“I feel like I am worthless.”

Those were maybe the hardest words I’ve ever had to say aloud, and speaking them sent my fingers into a white-knuckled fist, my heart pounding in my temples. It felt like I was admitting to failure, like I couldn’t handle my life. I felt at once naked and smothered and regretted the implications of my words almost the second they left my mouth, resonating in the counsellor’s office.

I was raised to look at every struggle as an opportunity worth rising above, every challenge a learning experience. This has made me a much more resilient and strong person — I am very fortunate. Sometimes though, as hard as you try, things veer right off the track you expect them to take. It’s kind of like spending hours putting together a puzzle without knowing what the finished puzzle is supposed to look like, and none of the pieces fit together.

My greatest struggle over the last school year has been trying to accept that how I feel isn’t always governed by how I live my life.

I felt left behind, the world turning and turning with seemingly no sense that I had stopped turning with it.

Looking back at the day I started feeling different, I think I kind of understand why clichés exist. I had never felt sadness that permeated my chest so heavily, weighing down on me, making it hard to breathe and more difficult to think simple linear thoughts. I was almost shocked by the intensity and physical presence of my thoughts, which seemed completely unaccountable to anything in my life.

I was often distracted, disconnected, and pensive. I felt less trusting of those I loved and of those who cared about me, and less trusting of myself to do or say the right thing. I fixated on the tiny moments and missteps of my life, apologized for things people hadn’t noticed that I had been thinking about for days, weeks, months. I lacked the energy the world was asking me to exert in regular, everyday tasks.

Every day, the world felt a little less beautiful and a little more isolating.

It was as if I had never realized the energy it took to get out of bed, go to class, and generally be a human being. I would go to sleep each night telling myself that tomorrow I would feel better. I’d wake up in the morning telling myself to make each new day good. The positivity that had previously gotten me through other challenging aspects of my life wasn’t giving me the strength I felt I needed.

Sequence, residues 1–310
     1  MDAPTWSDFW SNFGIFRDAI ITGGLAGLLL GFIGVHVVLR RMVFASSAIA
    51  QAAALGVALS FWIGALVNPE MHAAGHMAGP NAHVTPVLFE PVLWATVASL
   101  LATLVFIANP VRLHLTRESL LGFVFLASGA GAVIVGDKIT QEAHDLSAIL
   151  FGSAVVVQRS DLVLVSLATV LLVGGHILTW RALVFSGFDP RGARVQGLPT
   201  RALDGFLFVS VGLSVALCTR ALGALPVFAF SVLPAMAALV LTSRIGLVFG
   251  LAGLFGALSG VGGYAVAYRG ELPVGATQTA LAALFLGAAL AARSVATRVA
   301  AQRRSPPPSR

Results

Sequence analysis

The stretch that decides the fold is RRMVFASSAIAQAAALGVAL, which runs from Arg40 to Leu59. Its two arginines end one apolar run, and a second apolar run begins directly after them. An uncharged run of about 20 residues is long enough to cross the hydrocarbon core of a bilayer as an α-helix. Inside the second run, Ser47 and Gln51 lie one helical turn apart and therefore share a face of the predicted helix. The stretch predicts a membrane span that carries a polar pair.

I felt worthless, empty, frustrated and disconnected.

I tried to put up as much of a front as I could, but I didn’t feel like I could hide this. I felt out of control. It took a lot of me to I had to admit to myself that I felt the way I did. Most of all though, it’s taken a lot of courage for me to stop apologizing for how I feel. Although I’m still not perfect at it, I’m trying to understand that I can’t control that always — how I feel is not always governed by the ways in which I live my life.

I can’t come close to properly explaining how grateful I am. I thank the world every day for granting me with the gift of living in a world that didn’t leave me alone when I fell down. For people who listen. I am grateful for the ability to talk about how I feel, and for the ability to feel so much. I am grateful for the fact that I am not afraid to be vulnerable.

I don’t feel completely better yet. I still have so many questions — when do I start feeling I am, regardless of how many times I’m told or how many people tell me, important? That I do, in fact, matter? I’m trying to learn to be patient with myself by taking time to appreciate life and the people around me as much as I possibly can, and being honest with others and myself about what I can expect of myself day-to-day.

This is a battle I haven’t quite won, but it’s also one I don’t want to lose. If you are reading this, and you feel only darkness, or like you’ve lost control of how you feel, please know that you matter. Please know that you can always tell others how much you’re hurting, and when you’re ready, people will be ready to listen. Don’t throw the puzzle pieces back into the box just yet. Let people fight your battle with you if you can — there are so many more people willing than you would think. The world’s still turning, it’ll just take some time to start turning with it again.

One clap, two clap, three clap, forty?

By clapping more or less, you can signal to us which stories really stand out.